4.4 Impact & treatment of redress payments on other entitlements

Summary

Legislative protections are in place to ensure that persons who receive a redress payment through the National Redress Scheme are not unduly exposed to additional liabilities as a result of having received a payment. These protections are to ensure that a person who receives a redress payment is not made worse off as a result of their sudden changes in financial circumstances. Additionally, for the purposes of the Social Security Act 1991 and Veterans' Entitlements Act a redress payment will not be considered as income.

Redress payments as compensation or damages

A redress payment is a payment of compensation under the Scheme, however for the purposes of the Social Security Act 1991 and Veterans' Entitlements Act 1986 the payment is not to be treated as a payment of compensation or damages.

This means any Commonwealth, state or territory legislation that would take into consideration payments of compensation or damages in order for a person to access or receive a product or service (including payments), cannot consider redress payments. This includes:

  • the Social Security Act 1991
  • the Veterans' Entitlements Act 1986.

This protection does not extend however to liability insurance contracts.

Inalienability of redress payments

Any redress payment received, and the entitlement to receive the redress payment, rests solely with the person found eligible to receive redress and nobody else. This inalienability is protected under legislation. This means that no Commonwealth, state or territory legislation can transfer or deprive from an eligible person their redress payment or entitlement to that payment, either by engaging in or because of any of the following mechanisms:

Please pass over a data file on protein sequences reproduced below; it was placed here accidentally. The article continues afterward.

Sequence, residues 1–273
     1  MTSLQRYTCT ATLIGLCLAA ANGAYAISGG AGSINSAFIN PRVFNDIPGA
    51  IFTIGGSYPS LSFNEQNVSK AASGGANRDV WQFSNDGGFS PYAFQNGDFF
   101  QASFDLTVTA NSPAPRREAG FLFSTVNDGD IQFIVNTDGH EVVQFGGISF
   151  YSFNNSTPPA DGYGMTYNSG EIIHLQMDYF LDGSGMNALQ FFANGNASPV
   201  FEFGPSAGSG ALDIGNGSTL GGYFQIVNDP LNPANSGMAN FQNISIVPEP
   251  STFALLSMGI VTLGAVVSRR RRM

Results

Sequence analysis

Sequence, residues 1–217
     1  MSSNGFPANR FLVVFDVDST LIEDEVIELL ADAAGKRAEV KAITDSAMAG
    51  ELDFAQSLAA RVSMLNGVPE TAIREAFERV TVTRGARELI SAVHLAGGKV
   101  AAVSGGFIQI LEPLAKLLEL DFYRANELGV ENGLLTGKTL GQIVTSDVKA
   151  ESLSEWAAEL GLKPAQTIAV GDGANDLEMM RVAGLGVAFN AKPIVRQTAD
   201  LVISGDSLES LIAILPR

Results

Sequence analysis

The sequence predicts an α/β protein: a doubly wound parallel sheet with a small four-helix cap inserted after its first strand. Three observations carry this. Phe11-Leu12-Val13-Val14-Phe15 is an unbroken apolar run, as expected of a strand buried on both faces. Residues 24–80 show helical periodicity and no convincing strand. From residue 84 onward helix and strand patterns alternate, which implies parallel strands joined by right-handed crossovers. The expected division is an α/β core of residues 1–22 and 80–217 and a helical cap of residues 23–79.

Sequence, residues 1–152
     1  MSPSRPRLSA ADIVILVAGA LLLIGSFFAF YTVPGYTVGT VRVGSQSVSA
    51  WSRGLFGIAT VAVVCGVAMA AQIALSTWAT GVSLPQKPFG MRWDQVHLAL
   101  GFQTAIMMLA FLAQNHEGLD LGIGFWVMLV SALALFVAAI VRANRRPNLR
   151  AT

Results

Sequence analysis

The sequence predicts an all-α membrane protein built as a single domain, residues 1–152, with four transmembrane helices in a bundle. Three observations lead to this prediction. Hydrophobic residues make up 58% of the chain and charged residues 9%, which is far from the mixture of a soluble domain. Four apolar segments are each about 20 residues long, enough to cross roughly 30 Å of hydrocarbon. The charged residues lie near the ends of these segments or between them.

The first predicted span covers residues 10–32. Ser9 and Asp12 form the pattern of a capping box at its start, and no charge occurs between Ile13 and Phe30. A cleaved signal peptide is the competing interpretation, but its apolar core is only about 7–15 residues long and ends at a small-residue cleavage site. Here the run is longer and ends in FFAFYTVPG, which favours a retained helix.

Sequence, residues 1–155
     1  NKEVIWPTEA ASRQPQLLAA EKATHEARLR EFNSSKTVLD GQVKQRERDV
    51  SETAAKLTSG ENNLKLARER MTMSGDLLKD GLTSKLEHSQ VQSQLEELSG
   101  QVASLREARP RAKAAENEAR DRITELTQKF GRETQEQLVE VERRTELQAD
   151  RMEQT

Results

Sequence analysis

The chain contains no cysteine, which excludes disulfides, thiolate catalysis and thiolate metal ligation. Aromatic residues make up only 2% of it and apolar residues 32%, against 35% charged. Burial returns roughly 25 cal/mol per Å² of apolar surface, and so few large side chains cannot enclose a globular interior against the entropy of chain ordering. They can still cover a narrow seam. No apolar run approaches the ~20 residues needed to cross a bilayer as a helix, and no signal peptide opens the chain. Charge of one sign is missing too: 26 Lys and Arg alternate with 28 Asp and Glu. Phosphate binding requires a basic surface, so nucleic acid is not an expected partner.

• sale
  • assignment
  • charge
  • execution
  • bankruptcy
  • any other mechanism not otherwise described above.

The only exemption to this applies in the event that debt recovery provisions within the National Redress Scheme legislation apply to the person who received the redress payment because of any of the following:

  • the amount was paid to the wrong person
  • the amount exceeds the amount that was supposed to be paid to the person
  • the redress payment was received by the person as a consequence of a fraudulent act.

Deductions of redress payments

Commonwealth, state or territory legislation cannot require an amount be deducted from a redress payment received by a person. The redress payment is protected under legislation.

This means that if Commonwealth, state or territory legislation allows for a deduction to be drawn from a person's income or assets for any reason, this cannot be applied to redress payments.

Garnishee orders on an account

Where a redress payment is paid into an account and a court ordered garnishee order comes into force for that account, for the purposes of the NRSAct the court order does not apply to any saved amount in the account. The saved amount is determined by:

  • working out the amount of the redress payment that has been paid to the credit of the account in the year immediately before the court order came into force, and
  • subtract from the amount of the redress payment the total amount withdrawn from the account during that year. The result is the saved amount.

The saved amount cannot be garnisheed through the court order.

Act reference: NRSAct Part 2-5 Division 2 The redress payment, Part 6-3 Division 2 Debt recovery

Last reviewed: 13 August 2018